Hitting economic targets will force (the enemy) to goad the regimes, who are (already) exhausted from protecting the other remaining targets (economic or otherwise), into pumping in more forces for its protection. As a result, feebleness will start to appear in their forces, especially since their forces are limited . . . .

Thus, their forces are limited and select and the regimes have to put in place the following priorities:

First: Personal protection for the royal/ruling families and the presidential institutions.
Second: Foreigners.
Third: Petroleum and the economy.
Fourth: Entertainment spots.

. . . . .

There is an important principle which states, “If regular armies concentrate in one place they lose control. Conversely, if they spread out, they lose effectiveness”. . . .

When the best forces are positioned to protect thousands of petroleum or economic locations in a single country, the peripheries (of that country) and the crowded regions will be devoid of forces.

Organization is taken seriously. They are not amateurish hobbyists:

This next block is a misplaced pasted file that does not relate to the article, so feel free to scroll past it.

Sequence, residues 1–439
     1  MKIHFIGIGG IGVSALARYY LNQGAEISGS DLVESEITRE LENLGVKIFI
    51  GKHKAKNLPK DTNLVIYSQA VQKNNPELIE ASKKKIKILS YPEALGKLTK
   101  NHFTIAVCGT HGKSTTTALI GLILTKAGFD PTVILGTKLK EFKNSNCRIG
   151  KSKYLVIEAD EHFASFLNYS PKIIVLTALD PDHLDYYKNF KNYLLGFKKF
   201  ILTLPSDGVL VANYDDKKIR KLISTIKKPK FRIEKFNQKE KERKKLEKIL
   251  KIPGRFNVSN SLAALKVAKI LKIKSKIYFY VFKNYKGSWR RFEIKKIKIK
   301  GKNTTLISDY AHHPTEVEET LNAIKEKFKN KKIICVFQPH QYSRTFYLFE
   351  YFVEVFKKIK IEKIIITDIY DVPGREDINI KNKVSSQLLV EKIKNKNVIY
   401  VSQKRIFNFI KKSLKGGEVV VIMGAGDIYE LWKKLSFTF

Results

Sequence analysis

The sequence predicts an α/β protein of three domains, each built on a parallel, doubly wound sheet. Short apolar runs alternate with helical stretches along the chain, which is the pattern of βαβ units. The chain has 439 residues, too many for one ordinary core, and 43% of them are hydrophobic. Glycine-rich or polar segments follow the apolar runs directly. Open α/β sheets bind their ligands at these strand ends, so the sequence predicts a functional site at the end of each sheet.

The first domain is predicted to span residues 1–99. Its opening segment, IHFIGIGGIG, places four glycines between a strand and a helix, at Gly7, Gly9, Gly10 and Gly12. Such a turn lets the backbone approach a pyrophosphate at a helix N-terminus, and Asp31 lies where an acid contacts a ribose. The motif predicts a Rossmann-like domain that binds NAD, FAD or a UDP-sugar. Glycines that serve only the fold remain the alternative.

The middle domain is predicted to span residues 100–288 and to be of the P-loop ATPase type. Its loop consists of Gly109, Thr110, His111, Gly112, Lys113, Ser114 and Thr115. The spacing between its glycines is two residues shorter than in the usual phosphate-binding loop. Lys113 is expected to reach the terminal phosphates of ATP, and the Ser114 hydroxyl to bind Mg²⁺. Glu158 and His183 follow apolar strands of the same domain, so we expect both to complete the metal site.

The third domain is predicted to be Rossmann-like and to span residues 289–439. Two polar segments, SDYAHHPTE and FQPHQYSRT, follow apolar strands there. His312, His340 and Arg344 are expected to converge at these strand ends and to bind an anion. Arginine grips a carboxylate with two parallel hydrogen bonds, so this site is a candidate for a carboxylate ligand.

The most important skill of the art of administration that we must use is learning how to establish committees and specializations and dividing labor. . . .

We must make use of books on the subject of administration, especially the management studies and theories which have been recently published . . . .

And not only books on administration . . . .

— General books on the art of war, especially guerrilla wars . . .

Section three, page 28:

Section Three

Using the Time-Tested Principles of Military Combat . . . .

Following the time-tested principles of military combat will shorten for us the long years in which we might suffer the corrupting influences of rigidity and random behavior. Truly, abandoning random behavior and adopting intellectual, academic methods and experimental military principles and actually implementing them and applying military science will facilitate our achievement of the goals . . .

Page 31 brings us to our main interest:

Section Four

Using Violence

Those who study theoretical jihad, meaning they study only jihad as it is written on paper, will never grasp this point well. Regrettably, the youth in our Umma, since the time when they were stripped of weapons, no longer understand the nature of wars. One who previously engaged in jihad knows that it is naught but violence, crudeness, terrorism, frightening (others), and massacring——I am talking about jihad and fighting, not about Islam and one should not confuse them.